high latency due to long distance (ca. 275 ms)
not useful for global coverage for small mobile phones
and data transmission, typically used for radio and TV
transmission
LEO systems
Orbit ca. 500

1500 km above earth surface
visibility of a satellite ca. 10

40 minutes
global radio coverage possible
latency comparable with terrestrial long distance
connections, ca. 5

10 ms
smaller footprints, better frequency reuse
but now handover necessary from one satellite to another
many satellites necessary for global coverage
more complex systems due to moving satellites
Examples:
Iridium (start 1998, 66 satellites)
Bankruptcy in 2000, deal with US DoD (free use,
saving from “deorbiting”)
Globalstar (start 1999, 48 satellites)
Not many customers (2001: 44000), low stand

by times for mobiles
MEO systems
Orbit ca. 5000

12000 km above earth surface
comparison with LEO systems:
slower moving satellites
less satellites needed
simpler system design
for many connections no hand

over needed
higher latency, ca. 70

80 ms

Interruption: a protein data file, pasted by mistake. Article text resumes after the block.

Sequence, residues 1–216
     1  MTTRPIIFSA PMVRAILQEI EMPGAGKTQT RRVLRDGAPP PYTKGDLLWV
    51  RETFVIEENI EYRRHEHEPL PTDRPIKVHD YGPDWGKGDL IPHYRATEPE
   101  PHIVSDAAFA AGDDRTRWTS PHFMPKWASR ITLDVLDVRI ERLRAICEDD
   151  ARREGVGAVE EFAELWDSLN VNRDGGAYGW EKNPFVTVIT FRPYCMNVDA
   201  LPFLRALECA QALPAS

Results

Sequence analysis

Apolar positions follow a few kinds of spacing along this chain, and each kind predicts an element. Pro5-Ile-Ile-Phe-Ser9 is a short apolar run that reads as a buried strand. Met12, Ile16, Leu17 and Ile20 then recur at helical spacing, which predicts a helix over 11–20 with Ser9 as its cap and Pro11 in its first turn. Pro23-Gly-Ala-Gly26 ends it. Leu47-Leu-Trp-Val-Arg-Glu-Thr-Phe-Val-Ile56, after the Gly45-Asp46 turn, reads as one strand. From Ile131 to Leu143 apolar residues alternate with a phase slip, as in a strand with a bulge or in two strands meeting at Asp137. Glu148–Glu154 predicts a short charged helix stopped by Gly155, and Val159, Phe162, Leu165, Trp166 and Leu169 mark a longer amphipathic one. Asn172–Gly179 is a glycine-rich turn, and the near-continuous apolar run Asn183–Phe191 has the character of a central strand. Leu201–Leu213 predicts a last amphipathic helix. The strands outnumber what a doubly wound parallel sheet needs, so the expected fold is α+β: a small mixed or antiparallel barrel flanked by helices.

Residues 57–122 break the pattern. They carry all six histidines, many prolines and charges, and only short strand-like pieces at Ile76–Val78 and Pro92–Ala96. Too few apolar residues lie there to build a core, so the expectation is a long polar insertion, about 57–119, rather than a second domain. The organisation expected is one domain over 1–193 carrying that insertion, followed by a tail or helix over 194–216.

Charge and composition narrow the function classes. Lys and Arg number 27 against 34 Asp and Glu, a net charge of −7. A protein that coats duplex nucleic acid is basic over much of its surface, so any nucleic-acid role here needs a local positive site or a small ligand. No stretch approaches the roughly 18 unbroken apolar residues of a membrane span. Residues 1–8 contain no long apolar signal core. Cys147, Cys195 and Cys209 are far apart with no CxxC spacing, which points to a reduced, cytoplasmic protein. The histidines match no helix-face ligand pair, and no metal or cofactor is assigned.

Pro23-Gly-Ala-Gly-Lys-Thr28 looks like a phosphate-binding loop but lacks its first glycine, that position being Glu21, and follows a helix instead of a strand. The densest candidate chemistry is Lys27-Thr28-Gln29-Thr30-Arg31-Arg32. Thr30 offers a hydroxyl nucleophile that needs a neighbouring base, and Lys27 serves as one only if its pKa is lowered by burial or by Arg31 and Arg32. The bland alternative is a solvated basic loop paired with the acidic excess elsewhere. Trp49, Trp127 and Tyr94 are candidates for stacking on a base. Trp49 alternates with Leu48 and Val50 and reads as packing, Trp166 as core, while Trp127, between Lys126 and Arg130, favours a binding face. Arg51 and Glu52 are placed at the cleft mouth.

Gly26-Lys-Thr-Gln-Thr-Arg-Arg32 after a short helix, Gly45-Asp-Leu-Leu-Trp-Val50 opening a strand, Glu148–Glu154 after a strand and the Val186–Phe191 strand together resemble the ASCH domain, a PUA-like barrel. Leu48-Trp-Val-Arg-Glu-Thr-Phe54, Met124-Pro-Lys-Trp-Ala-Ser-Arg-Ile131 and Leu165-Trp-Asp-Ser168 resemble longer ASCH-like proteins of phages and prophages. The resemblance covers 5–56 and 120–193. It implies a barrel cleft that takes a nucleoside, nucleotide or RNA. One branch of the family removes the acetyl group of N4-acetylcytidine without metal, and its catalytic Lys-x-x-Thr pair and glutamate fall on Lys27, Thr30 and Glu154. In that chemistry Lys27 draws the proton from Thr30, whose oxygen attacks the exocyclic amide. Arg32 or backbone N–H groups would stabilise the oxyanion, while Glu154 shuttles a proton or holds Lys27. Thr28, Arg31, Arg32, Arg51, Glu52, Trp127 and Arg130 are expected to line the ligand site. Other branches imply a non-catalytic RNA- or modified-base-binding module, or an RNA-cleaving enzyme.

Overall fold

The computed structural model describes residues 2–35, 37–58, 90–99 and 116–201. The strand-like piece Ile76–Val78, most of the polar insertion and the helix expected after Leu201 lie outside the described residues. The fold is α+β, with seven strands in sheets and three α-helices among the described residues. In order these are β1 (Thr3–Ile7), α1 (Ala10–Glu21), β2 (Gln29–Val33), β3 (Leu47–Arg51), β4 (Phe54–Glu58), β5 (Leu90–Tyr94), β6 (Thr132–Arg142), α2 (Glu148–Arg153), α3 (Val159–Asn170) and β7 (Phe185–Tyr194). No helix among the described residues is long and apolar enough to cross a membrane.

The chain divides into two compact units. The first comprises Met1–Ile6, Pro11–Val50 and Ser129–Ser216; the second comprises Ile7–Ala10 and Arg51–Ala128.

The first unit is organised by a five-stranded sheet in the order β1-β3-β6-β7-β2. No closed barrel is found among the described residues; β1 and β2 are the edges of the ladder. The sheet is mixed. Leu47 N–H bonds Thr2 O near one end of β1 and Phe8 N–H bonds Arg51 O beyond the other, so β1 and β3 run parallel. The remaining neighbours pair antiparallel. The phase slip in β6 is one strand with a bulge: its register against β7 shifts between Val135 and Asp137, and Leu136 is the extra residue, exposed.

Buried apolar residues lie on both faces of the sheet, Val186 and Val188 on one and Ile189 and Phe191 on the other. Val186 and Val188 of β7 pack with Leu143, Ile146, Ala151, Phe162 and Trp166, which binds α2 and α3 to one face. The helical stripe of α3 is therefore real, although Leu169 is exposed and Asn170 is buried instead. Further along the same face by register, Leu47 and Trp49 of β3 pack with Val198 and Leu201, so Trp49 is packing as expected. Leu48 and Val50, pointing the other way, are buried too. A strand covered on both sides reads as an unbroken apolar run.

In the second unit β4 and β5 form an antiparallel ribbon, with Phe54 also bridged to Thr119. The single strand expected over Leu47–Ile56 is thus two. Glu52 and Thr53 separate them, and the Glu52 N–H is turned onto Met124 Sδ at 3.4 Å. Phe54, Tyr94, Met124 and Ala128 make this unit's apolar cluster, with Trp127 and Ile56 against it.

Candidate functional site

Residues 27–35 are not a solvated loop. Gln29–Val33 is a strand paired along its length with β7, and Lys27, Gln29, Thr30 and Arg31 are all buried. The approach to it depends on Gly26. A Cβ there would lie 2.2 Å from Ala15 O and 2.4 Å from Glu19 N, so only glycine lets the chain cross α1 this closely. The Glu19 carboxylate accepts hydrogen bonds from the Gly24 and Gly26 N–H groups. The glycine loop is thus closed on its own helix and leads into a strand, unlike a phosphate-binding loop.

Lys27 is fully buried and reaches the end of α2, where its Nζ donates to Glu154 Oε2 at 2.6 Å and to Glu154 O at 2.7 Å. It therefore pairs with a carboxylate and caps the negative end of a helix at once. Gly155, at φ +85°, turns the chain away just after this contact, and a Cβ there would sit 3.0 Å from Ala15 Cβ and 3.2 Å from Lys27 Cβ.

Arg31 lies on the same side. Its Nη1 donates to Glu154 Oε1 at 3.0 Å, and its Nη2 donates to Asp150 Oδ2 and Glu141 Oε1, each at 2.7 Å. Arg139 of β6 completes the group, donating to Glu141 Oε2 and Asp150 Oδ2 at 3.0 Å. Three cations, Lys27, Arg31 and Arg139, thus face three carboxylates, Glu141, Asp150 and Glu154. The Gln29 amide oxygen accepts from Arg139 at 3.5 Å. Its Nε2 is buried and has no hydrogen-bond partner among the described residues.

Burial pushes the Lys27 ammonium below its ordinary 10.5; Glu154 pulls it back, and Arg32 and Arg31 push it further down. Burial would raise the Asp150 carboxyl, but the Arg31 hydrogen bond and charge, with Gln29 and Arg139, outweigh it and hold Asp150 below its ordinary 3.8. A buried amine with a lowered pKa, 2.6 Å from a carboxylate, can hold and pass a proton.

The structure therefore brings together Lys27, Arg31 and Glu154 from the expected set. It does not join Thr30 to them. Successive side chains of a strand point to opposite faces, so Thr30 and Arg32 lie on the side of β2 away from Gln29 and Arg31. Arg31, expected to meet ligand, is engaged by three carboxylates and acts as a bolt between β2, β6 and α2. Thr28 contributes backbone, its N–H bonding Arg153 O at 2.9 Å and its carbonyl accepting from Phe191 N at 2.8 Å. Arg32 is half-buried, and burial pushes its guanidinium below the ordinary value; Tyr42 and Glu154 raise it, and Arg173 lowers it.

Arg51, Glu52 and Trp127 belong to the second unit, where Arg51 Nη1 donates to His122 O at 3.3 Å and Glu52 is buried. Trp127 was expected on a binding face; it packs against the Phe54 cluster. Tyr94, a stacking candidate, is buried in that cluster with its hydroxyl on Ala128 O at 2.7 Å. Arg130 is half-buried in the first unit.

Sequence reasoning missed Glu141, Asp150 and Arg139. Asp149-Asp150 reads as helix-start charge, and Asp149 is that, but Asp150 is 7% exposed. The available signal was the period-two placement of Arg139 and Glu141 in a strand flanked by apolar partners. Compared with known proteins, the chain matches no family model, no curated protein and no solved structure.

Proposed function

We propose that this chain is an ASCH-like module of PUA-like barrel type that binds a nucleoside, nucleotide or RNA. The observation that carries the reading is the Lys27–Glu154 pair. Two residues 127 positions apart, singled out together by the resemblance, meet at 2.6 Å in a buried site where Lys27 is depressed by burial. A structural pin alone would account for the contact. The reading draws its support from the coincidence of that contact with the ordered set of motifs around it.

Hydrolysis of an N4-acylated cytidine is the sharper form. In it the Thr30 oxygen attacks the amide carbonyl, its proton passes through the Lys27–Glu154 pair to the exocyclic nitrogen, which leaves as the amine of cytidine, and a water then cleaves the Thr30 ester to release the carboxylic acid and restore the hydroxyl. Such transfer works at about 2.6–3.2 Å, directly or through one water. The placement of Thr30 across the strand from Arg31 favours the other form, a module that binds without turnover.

higher sending power needed
special antennas for small footprints needed
Example:
ICO (Intermediate Circular Orbit, Inmarsat) start ca. 2000
Bankruptcy, planned joint ventures with Teledesic, Ellipso
–
cancelled again,
start planned for 2003
Routing
One solution: inter satellite links (ISL)
reduced number of gateways needed
forward connections or data packets within the satellite network as long
as possible
only one uplink and one downlink per direction needed for the
connection of two mobile phones
Problems:
more complex focusing of antennas between satellites
high system complexity due to moving routers
higher fuel consumption
thus shorter lifetime
Iridium and Teledesic planned with ISL
Other systems use gateways and additionally terrestrial networks
Localization of mobile stations
Mechanisms similar to GSM
Gateways maintain registers with user data
HLR (Home Location Register): static user data